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01.03.2012 | Clinical Article | Ausgabe 3/2012

Acta Neurochirurgica 3/2012

The impact of general versus local anesthesia on early subclinical cognitive function following carotid endarterectomy evaluated using P3 event-related potentials

Zeitschrift:
Acta Neurochirurgica > Ausgabe 3/2012
Autoren:
Jan Mracek, Irena Holeckova, Ivan Chytra, Jan Mork, David Stepanek, Petra Vesela
Wichtige Hinweise
Part of this study was presented at EANS 2011 14th European Congress of Neurosurgery (October 9–14, Rome, Italy)

Abstract

Background

Postoperative cognitive dysfunction (POCD) is detected in 25% of patients undergoing carotid endarterectomy (CEA). The mechanism of POCD is poorly understood, but it is believed that general anesthesia (GA) itself may contribute significantly to POCD. The aim of our prospective study was to compare, with the aid of event-related potentials, the impact of general anesthesia (GA) and local anesthesia (LA) on POCD in patients undergoing CEA.

Methods

Sixty patients were included in this study and were divided into two groups: CEA was performed in 30 patients placed under GA (total intravenous anesthesia), herein the GA group, while 30 patients underwent CEA under LA (cervical plexus block), herein LA group. Cognitive outcome was assessed with the use of auditory event-related potentials (ERPs), P3 response. The measurements were taken before surgery (pre-op) and on the first (1.post-op) and the sixth postoperative days (6.post-op).

Results

Preoperative cognitive functions did not differ significantly between the two groups. A significant decrease in P3 amplitude was found on the first postoperative day (1.post-op) in the GA group (p = 0.0005), but normalization of P3 amplitude was detected at the second postoperative measurement (6.post-op). The patients operated on under local anesthesia (LA group) showed stable P3 amplitudes in all three measurements. No significant changes in P3 latencies were observed in either group. There were no significant differences between the two groups regarding demographic characteristics, preoperative and postoperative clinical condition, percentage significance of carotid artery stenosis, duration of carotid cross-clamping or in the frequency of shunt use (zero frequency for both groups).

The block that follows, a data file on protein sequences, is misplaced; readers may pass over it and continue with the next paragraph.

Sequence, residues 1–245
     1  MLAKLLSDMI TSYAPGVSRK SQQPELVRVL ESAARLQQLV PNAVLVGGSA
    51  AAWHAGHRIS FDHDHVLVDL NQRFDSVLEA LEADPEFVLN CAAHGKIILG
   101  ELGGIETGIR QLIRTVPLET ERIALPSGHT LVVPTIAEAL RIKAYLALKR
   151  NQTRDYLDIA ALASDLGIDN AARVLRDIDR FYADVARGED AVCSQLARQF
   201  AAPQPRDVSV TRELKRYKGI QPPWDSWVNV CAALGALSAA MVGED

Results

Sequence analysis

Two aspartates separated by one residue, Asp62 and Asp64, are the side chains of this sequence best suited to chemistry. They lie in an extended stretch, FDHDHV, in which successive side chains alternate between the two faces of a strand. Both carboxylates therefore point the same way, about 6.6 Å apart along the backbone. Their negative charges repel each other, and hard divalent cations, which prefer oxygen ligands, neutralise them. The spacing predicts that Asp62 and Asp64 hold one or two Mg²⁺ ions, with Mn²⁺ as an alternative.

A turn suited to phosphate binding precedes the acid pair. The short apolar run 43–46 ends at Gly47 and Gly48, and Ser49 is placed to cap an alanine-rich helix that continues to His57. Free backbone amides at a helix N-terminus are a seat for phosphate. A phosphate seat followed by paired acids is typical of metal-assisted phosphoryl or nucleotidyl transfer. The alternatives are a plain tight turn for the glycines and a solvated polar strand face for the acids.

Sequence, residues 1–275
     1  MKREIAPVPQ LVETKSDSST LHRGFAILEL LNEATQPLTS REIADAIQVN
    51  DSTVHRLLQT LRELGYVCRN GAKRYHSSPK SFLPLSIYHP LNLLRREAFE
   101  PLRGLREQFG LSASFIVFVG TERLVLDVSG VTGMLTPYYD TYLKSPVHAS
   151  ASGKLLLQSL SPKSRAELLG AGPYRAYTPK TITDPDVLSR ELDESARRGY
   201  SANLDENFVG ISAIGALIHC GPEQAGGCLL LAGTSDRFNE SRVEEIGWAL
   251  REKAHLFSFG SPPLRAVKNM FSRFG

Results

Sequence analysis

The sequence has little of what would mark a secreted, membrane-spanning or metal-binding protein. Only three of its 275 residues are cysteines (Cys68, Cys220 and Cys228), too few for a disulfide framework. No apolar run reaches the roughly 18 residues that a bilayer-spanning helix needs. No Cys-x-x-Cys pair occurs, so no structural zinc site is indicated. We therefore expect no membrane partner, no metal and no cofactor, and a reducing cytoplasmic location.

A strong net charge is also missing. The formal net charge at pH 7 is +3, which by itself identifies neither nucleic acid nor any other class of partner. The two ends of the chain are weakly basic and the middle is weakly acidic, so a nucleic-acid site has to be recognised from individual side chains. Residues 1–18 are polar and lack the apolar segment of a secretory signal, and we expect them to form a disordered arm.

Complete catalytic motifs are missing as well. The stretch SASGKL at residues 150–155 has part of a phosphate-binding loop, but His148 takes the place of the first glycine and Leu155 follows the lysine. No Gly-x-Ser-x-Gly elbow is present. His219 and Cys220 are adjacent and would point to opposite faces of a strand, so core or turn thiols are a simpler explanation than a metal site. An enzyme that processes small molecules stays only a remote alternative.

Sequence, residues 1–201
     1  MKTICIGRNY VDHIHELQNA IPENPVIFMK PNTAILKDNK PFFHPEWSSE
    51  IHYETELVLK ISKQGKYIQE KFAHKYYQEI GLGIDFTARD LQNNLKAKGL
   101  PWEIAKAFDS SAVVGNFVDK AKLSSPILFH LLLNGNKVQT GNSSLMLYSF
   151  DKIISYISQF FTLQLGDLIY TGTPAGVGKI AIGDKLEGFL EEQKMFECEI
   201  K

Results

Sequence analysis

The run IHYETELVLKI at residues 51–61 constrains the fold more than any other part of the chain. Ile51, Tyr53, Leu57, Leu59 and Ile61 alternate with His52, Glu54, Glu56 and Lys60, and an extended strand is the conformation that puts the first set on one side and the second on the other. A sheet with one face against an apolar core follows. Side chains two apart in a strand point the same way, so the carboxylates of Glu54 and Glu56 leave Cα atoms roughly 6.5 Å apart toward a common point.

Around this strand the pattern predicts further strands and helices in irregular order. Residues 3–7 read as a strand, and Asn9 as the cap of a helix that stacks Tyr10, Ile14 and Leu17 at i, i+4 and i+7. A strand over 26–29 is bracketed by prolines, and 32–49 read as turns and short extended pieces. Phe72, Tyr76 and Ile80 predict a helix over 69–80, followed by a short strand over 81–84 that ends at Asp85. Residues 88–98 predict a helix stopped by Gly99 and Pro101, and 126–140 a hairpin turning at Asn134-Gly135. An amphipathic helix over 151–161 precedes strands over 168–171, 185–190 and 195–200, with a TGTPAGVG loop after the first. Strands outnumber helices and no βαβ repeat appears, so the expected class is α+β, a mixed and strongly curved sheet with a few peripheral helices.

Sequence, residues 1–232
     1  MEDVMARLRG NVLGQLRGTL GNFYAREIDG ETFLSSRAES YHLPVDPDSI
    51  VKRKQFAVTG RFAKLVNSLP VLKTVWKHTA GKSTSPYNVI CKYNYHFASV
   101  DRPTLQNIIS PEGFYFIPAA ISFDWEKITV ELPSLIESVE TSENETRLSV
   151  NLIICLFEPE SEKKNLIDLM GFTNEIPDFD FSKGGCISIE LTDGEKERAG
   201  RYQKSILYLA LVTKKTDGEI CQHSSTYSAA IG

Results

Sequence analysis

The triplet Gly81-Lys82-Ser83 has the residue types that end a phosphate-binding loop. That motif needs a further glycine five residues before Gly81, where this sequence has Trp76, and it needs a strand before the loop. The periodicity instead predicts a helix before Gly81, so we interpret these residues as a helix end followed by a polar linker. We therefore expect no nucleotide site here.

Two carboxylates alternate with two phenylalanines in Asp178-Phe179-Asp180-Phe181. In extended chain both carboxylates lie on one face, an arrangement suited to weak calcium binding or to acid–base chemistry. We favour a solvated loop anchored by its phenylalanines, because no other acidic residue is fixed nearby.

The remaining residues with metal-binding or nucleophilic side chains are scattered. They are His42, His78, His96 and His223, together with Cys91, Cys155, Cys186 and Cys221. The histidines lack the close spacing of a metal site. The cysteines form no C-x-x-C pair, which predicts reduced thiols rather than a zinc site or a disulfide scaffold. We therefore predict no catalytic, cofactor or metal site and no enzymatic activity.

Conclusions

Our study showed that general anesthesia, used for patients undergoing CEA, negatively influenced cognitive function during the immediate period after surgery (the first postoperative day). However, by the sixth postoperative day, this cognitive impairment was no longer being detected. POCD occurring shortly after carotid endarterectomy is the result of general anesthesia, which is probably an independent evoking factor in itself. The cognitive deficit recorded only during the immediate postoperative period, is not a negative effect of GA but merely a side-effect and thus GA should not be considered inferior to LA for use during CEA.

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